The Europeans, in addition to the Iranians, are also wary of this administration's negotiating tactics and are saying that Iran is abiding by the nuclear deal. That Iran is supporting terrorist groups in the Middle East is terrible, but let's address that separately. The last thing anybody wants is for Iran to support terrorists and have a nuclear program.

Which brings us to tax reform, in which the middle class is going to be asked to give up deductions for mortgage interest and state taxes and, as of yesterday, possibly a severe restriction on how much its members can contribute to 401(k) retirement plans. All because the president wants to give businesses a massive tax break, from 35% to 20%, under the illusion that corporations will use that money to create jobs.

And not to help their stock price.
Which is what investors want.
And is tied to executive compensation.
See where I'm going with this?

If these corporations were so moral, why not use the money they have parked away now, bring it back to the US, and create more jobs. You know the answer.

We are very quickly losing our moral authority as a beacon of democracy, tolerance, openness and responsibility. It will take us years to get those back.

For more, go to www.facebook.com/WhereDemocracyLives or Twitter @rigrundfest


Sunday, October 15, 2017

The Retreat Becomes a Rout

And, no; I'm not talking about Democratic failures in the face of the Republican onslaught. What's being routed is common sense, practicality, reason, and stability.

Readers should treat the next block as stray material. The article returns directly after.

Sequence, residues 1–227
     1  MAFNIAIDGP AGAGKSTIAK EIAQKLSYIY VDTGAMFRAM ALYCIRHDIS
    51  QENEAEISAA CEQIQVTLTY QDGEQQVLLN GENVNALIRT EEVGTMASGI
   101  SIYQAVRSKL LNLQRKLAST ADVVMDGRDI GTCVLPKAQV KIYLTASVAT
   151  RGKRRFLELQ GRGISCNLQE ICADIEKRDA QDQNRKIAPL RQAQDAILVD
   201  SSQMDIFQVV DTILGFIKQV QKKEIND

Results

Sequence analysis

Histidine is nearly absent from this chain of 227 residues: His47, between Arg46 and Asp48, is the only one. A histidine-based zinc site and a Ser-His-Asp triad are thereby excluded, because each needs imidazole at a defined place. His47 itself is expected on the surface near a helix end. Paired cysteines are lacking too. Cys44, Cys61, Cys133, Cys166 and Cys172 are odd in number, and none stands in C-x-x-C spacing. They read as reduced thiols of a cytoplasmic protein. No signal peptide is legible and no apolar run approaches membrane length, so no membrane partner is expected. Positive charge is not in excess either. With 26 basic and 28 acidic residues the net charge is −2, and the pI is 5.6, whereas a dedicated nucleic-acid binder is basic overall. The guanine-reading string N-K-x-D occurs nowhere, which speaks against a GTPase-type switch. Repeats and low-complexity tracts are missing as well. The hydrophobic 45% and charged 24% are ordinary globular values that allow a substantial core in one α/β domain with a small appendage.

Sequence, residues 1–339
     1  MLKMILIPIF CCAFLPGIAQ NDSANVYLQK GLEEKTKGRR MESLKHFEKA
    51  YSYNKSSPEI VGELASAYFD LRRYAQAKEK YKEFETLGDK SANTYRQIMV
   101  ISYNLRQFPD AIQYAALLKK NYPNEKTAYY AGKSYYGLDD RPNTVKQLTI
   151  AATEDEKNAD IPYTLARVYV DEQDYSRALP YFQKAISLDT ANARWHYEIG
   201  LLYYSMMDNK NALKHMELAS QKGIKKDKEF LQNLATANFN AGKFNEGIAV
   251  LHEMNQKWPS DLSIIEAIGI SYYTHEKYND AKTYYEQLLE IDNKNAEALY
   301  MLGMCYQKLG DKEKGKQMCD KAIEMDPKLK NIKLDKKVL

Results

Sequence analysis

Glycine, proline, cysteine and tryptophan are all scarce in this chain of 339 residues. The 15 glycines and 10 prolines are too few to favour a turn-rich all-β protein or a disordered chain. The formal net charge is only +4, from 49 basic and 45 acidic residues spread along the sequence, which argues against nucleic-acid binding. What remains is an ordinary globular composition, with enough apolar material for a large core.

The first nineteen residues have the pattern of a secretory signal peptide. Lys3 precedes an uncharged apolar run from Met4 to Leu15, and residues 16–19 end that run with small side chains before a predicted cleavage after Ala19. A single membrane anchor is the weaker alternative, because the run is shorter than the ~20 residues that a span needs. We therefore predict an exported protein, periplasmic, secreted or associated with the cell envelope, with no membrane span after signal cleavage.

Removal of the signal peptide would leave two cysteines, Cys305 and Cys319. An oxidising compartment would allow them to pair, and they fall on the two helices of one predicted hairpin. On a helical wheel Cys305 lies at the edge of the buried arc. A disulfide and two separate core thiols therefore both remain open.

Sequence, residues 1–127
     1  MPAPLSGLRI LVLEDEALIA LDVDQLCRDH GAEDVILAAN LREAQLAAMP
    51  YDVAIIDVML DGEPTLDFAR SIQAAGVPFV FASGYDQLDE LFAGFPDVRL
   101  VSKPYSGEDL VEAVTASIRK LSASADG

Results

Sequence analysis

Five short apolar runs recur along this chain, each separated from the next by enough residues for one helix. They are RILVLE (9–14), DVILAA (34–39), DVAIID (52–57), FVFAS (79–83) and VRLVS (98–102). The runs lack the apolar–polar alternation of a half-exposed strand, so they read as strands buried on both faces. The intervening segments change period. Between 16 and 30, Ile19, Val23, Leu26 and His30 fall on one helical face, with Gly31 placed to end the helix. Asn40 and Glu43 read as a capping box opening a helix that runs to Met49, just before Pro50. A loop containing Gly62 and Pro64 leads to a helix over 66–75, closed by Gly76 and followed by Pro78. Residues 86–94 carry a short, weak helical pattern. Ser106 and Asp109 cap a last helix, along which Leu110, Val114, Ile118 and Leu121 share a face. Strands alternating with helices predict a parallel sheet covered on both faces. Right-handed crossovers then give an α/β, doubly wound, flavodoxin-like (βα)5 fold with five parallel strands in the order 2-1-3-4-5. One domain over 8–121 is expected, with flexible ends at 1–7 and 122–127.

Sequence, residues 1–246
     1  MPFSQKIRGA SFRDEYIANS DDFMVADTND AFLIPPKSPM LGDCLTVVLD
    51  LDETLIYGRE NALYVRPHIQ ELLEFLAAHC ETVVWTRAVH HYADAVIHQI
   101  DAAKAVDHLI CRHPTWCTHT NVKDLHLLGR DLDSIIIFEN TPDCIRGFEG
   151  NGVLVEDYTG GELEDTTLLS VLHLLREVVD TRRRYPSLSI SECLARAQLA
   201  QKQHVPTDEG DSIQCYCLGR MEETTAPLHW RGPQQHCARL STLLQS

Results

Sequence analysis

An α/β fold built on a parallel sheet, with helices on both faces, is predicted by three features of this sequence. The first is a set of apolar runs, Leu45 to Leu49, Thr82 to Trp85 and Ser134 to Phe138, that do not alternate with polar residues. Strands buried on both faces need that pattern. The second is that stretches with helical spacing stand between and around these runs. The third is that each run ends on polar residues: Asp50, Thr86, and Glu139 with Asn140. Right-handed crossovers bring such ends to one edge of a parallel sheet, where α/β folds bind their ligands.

The president has ultimately decided that if Congress is not going to strip health insurance from millions of people, essentially box them into buying policies that have unconscionably sky-high deductibles (because they'll be the cheapest ones) or do not cover essential services such as addiction, mental health or family planning, then he is going to do that unilaterally.

By executive order.
Which Republicans hated when Obama issued them.
But we know what that was all about.
Don't we.

And he's planning on having the Democrats take the blame for it. That's a retreat from reality, but then again, President Trump lives on the banks of denial, and he'll continue to blame everyone except himself for the carnage that will follow. Of course, I do agree with the president that insurance companies should not get a payoff or have their profits subsidized with taxpayer money, but that begs the question of why he doesn't really work with Democrats to construct a public option to compete with them.